The death toll in the devastating earthquake in southwest China on Friday crossed 55,000 with nearly 25,000 people still missing, as Beijing, struggling to provide shelter to lakhs of survivors, braced for a new threat from the swelling 'quake lakes' in the already battered region.
In the disaster zone on his second trip, Chinese Premier Wen Jiabao said the focus of relief work has shifted from rescuing lives to rehabilitating the quake victims and local society. "It will be a harder and long-term task," he said in Beichuan county, one of the worst-hit by the quake, which measured 8 on the Richter Scale.
Sichuan Vice Governor Li Chengyun said rescuing survivors still remained the top priority 11 days after the quake rocked the province, where 55,239 have been confirmed dead and 24,949 people were still missing. He said the authorities had set a three-year goal to rebuilt the towns, flattened by the quake in the worst hit Sinchuan province, where the quake has left 281,066 people injured.
'Quake lakes', which were formed after landslides and mudflows blocked rivers, continued to pose a threat to several villages in the temblor-battered areas.
Of the 34 such lakes in Sichuan province, eight hold more than three million cubic metres of water, adding potential danger for the already quake-shattered people. To compound matters, the Chinese National Meteorological Centre has forecast that rains might sweep the quake-hit south-west regions next week and further push up the water level in the lakes. Authorities are making efforts to evacuate people living downstream of the lakes, the official Xinhua news agency said.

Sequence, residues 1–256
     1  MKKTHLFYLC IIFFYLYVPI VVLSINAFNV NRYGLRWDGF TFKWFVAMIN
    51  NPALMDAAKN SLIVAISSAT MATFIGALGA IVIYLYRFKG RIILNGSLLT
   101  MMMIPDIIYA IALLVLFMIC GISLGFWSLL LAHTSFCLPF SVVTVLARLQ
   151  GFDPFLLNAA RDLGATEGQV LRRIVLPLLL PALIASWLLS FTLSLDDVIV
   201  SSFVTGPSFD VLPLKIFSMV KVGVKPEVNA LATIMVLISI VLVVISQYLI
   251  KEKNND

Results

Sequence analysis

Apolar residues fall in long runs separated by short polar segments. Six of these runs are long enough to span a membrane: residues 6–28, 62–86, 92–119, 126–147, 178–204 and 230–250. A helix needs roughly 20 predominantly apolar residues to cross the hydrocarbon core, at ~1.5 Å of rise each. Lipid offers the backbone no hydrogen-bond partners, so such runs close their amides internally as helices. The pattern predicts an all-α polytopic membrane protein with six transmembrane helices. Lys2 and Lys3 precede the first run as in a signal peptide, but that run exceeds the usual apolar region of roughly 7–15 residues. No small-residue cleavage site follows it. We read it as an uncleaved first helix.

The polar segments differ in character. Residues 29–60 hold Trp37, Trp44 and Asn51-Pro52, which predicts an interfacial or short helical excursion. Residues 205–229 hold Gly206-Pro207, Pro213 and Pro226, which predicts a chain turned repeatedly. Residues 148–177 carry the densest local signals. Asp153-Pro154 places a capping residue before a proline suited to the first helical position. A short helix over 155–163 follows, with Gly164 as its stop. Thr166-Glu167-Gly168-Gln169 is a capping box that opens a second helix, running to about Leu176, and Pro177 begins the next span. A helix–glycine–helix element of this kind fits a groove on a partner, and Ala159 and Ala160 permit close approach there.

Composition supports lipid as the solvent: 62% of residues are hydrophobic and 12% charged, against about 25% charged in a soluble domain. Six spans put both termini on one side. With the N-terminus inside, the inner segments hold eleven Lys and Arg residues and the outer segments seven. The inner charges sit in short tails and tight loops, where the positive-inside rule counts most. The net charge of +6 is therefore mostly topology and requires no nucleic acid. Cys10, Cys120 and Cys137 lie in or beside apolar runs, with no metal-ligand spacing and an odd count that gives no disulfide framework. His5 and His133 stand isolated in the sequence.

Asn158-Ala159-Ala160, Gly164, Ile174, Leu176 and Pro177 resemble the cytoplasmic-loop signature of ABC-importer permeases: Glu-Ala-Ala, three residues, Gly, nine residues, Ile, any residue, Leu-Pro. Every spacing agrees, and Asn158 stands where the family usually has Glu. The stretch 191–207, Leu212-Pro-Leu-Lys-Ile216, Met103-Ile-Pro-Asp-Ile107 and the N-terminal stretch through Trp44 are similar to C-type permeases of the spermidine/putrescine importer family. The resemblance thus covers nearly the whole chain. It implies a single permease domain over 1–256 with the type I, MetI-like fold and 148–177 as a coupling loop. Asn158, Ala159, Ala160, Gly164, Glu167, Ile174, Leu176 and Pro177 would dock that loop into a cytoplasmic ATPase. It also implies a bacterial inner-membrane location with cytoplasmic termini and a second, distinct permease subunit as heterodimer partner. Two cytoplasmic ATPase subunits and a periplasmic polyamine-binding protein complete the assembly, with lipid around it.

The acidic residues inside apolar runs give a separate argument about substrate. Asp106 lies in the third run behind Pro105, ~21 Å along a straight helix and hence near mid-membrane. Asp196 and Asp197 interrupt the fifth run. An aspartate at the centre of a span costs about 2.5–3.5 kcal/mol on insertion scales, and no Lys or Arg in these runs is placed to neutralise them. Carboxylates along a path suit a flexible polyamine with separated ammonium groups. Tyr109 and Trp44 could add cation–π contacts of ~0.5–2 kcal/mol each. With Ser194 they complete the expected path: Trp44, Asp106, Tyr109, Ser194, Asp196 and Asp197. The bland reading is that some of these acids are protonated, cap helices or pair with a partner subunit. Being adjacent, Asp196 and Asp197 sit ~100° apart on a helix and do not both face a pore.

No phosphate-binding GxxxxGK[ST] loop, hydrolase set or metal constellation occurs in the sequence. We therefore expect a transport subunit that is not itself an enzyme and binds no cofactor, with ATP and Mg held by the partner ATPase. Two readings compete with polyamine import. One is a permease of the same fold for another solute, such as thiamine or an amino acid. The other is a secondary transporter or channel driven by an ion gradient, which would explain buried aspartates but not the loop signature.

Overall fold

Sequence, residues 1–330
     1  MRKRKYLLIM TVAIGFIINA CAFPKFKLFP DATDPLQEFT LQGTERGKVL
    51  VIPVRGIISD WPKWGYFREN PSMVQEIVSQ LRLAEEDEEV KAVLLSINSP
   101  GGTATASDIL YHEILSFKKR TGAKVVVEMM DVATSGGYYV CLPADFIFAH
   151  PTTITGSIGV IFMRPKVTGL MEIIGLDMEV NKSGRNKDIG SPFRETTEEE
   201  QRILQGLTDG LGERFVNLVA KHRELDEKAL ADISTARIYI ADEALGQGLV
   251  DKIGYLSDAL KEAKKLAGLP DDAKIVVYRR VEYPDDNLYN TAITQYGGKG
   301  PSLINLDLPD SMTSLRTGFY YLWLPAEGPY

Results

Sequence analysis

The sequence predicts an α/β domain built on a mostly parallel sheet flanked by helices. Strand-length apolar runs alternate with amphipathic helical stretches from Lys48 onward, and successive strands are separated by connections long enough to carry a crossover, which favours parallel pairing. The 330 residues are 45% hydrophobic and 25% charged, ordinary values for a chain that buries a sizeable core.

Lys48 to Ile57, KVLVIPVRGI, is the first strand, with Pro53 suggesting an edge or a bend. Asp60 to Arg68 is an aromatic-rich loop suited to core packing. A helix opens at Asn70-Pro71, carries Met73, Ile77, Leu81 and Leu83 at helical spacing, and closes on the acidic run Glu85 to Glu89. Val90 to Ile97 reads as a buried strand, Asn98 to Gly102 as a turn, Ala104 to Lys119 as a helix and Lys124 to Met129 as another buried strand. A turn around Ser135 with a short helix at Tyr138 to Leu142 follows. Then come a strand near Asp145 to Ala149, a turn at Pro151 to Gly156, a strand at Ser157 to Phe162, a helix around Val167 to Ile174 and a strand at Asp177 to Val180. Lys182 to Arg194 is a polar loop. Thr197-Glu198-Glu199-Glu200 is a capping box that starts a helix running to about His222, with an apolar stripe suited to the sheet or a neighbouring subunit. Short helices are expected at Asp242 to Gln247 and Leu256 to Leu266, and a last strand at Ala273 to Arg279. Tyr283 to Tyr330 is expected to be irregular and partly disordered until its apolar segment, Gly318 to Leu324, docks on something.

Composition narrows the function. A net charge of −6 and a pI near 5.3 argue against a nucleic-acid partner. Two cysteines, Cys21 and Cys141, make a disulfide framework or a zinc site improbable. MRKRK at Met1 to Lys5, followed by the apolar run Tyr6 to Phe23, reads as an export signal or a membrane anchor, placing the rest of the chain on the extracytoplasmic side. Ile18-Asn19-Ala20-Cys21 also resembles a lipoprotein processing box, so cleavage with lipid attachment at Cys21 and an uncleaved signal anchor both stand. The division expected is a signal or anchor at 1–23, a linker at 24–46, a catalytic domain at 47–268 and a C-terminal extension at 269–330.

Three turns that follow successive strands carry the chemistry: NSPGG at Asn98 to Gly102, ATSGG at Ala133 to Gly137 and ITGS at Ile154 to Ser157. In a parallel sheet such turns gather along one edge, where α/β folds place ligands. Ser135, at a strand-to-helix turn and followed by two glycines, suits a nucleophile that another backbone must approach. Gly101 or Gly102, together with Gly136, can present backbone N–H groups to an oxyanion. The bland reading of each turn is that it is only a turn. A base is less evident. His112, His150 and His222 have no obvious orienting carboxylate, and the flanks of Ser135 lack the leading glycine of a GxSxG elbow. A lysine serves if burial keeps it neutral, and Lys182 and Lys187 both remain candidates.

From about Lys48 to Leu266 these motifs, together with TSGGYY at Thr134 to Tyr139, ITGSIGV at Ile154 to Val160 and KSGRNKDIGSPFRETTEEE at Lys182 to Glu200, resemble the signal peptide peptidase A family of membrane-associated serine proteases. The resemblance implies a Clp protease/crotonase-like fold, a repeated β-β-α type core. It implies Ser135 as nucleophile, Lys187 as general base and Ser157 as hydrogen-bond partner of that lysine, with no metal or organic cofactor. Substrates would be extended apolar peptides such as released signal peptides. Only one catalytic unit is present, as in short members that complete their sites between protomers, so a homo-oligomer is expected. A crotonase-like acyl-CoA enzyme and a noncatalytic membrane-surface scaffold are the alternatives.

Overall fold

Li said more than 200,000 volunteers, including many providing counseling services, were working in the quake-battered areas. No miracle rescue was reported today as hopes of finding survivors under tens of thousands of collapsed buildings of schools, houses, hospitals and factories had tapered off with authorities now focusing on dealing with the dead bodies and injured and providing immediate shelter to millions.
China continued to scramble for tents and said there was a 'big gap' in the supply and the actual requirement.
Foreign countries and organisations had provided 1,50,000 tents to quake-battered areas. Reflecting the gravity of the problem, Chinese President Hu Jintao visited two tent manufacturers in Zhejiang province on Thursday, urging them to produce as many as possible. "Currently, we are in urgent need of tents.... Because many victims are lacking shelter," Foreign Ministry spokesman Qin Gang said on Thursday.
More than 3.3 million were needed but 400,000 had been sent so far. "It is a big gap. We welcome international assistance in this regard," he said.
China said on Wednesday that it would slash government spending by five per cent this year and pledged US$ 10.14 billion for a fund for reconstruction in the earthquake-devastated region. With increasing number of deaths and the coming summer, the quake-battered areas faced pressure to prevent epidemics that has brought in armies of medical workers into the disaster zone, though no epidemic outbreak has been reported yet.
Medical teams from Germany, Italy, Russia and Japan have been allowed to work in the quake-hit areas. Qin said many countries had offered to send their medical teams."We will, according to the real situation and receiving capacity of the affected areas, consider their kind offers," he said.
Authorities are also going all out to prevent outbreak of epidemics and Sichuan province remained on high alert for rodent diseases, Xinhua said. Monitoring locations and a daily reporting system had been put in place, it said. Thirty three roads in Sichuan province still remained blocked and workers were racing against time to repair the damaged ones, Li said.